Parents born in certain countries are less likely than others to vaccinate their children, according to a study by the University of Washington School of Public Health.
The study, published online June 29 in Pediatrics, analyzed data on about 277,000 children living in Washington state. Almost a quarter of those studied had at least one parent born in Somalia, Ukraine, Russia, Mexico, or India.
To find out how a parent’s birthplace influenced childhood vaccination, researchers used birth records and the Washington State Immunization Information System. They looked at immunizations received by children aged 12 through 23 months, including measles-containing vaccines, hepatitis A, pneumococcal and diphtheria-tetanus-acellular pertussis (DTaP).
Children of Somali-born parents were 16 percent less likely to get a measles-containing vaccine than kids with parents born in the United States, the study found.
The study also noted that children of parents born in Ukraine and Russia were less likely to be vaccinated in general, while offspring of those born in Mexico and India were more likely to be immunized.
“Throughout the U.S., there is significant variation in immunization coverage,” said lead study author Dr. Elizabeth Wolf, now with Children’s Hospital of Richmond at Virginia Commonwealth University, as quoted by Reuters. “The phenomenon of clustering of unimmunized individuals has been associated with outbreaks of certain vaccine-preventable diseases such as whooping cough (pertussis) and measles.”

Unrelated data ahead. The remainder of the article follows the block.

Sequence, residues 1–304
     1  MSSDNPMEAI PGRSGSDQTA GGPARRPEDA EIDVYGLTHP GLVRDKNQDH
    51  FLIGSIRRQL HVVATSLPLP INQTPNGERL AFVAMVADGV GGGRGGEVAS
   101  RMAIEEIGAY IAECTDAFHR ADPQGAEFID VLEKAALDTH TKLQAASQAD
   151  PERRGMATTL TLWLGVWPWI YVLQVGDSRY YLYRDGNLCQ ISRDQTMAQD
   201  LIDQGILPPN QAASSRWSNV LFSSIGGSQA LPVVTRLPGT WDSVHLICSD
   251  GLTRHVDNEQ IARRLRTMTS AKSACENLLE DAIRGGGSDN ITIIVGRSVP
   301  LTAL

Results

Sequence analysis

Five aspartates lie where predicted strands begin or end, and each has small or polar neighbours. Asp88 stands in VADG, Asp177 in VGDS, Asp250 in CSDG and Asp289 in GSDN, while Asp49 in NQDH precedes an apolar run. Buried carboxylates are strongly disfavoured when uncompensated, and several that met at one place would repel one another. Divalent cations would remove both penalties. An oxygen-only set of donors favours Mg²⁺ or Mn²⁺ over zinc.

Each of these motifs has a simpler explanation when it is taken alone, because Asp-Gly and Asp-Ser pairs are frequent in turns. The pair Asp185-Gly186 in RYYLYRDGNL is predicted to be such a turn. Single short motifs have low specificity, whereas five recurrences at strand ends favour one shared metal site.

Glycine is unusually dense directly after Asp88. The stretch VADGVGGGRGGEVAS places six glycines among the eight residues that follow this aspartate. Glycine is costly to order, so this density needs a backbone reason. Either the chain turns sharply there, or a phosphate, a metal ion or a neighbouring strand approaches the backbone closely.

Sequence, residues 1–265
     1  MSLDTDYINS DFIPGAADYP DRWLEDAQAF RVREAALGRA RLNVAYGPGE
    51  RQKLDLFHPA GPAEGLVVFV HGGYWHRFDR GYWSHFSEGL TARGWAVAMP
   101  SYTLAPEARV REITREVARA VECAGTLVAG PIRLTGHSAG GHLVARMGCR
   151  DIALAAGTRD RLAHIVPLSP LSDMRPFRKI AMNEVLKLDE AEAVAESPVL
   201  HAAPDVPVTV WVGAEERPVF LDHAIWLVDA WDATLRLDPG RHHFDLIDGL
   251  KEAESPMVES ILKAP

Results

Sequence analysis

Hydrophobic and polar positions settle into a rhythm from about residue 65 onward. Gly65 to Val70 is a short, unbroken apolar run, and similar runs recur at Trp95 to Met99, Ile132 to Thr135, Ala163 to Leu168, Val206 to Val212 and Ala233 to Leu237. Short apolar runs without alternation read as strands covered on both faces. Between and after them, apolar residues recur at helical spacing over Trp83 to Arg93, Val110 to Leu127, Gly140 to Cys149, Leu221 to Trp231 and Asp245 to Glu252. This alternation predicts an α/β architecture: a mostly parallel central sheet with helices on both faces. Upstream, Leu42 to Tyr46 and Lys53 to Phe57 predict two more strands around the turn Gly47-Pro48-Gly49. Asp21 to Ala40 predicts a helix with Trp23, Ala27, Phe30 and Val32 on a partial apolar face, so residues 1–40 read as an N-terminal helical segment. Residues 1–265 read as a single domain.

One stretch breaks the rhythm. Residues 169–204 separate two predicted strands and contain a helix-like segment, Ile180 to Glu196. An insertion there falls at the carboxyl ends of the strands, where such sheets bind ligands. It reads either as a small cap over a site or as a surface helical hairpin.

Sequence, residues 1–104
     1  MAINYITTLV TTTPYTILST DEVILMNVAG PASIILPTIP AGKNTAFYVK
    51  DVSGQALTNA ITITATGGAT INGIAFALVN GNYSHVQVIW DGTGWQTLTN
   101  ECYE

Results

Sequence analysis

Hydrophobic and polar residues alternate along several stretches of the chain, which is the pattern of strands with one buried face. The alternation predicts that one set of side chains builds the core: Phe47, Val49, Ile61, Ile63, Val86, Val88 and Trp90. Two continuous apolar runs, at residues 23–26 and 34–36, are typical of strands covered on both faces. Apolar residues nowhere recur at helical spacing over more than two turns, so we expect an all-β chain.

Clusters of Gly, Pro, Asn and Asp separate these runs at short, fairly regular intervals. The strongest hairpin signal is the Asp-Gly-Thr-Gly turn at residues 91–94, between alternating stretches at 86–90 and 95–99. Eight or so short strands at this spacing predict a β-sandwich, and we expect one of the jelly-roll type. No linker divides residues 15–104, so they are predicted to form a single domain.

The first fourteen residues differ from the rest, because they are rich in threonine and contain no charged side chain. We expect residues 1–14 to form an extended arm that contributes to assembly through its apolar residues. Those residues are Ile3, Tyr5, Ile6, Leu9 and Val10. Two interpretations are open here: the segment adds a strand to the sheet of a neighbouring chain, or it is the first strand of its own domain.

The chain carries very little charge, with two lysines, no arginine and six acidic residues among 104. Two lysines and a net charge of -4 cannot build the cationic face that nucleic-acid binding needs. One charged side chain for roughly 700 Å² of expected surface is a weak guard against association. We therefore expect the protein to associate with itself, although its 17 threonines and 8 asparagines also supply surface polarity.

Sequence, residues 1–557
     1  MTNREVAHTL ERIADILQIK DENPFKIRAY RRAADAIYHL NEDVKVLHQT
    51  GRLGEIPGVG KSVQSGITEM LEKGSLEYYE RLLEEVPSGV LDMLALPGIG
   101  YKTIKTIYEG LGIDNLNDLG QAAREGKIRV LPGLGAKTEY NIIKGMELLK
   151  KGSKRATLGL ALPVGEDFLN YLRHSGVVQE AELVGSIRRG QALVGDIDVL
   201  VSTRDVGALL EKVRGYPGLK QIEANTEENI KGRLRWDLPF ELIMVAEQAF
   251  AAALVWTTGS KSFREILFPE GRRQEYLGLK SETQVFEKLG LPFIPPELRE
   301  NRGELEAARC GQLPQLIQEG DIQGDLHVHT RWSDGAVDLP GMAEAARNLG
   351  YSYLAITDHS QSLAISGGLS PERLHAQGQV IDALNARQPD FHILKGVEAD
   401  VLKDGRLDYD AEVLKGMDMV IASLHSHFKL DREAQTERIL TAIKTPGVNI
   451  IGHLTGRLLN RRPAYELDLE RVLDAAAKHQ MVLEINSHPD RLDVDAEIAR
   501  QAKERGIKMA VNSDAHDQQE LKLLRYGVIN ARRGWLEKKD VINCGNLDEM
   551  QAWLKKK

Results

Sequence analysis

In 2011, for example, an outbreak of the measles in Minnesota was linked to low immunization of Somali children against measles, mumps and rubella (MMR), the study noted. Qualitative assessments within the Minnesota and Washington Somali communities found that MMR vaccine hesitancy was due to the belief that it causes autism.
To help prevent future outbreaks in Washington State, which is home to more than 943,000 immigrants, researchers suggest new and innovative forms of public health outreach is needed.
Washington is one of the top 10 states in the country for refugee resettlement, hosting the third largest population of Somali refugees in the U.S. Many more undocumented immigrants work in the state’s seasonal agricultural sector, the study noted.
The study was led by Dr. Wolf as part of her master’s degree in epidemiology for the School of Public Health. Other research partners include Dr. Ali Rowhani-Rahbar, assistant professor in the School’s department of epidemiology, as well as Ms. Azadeh Tasslimi, Ms. Jasmine Matheson, and Ms. Chas DeBolt from the Washington State Department of Health.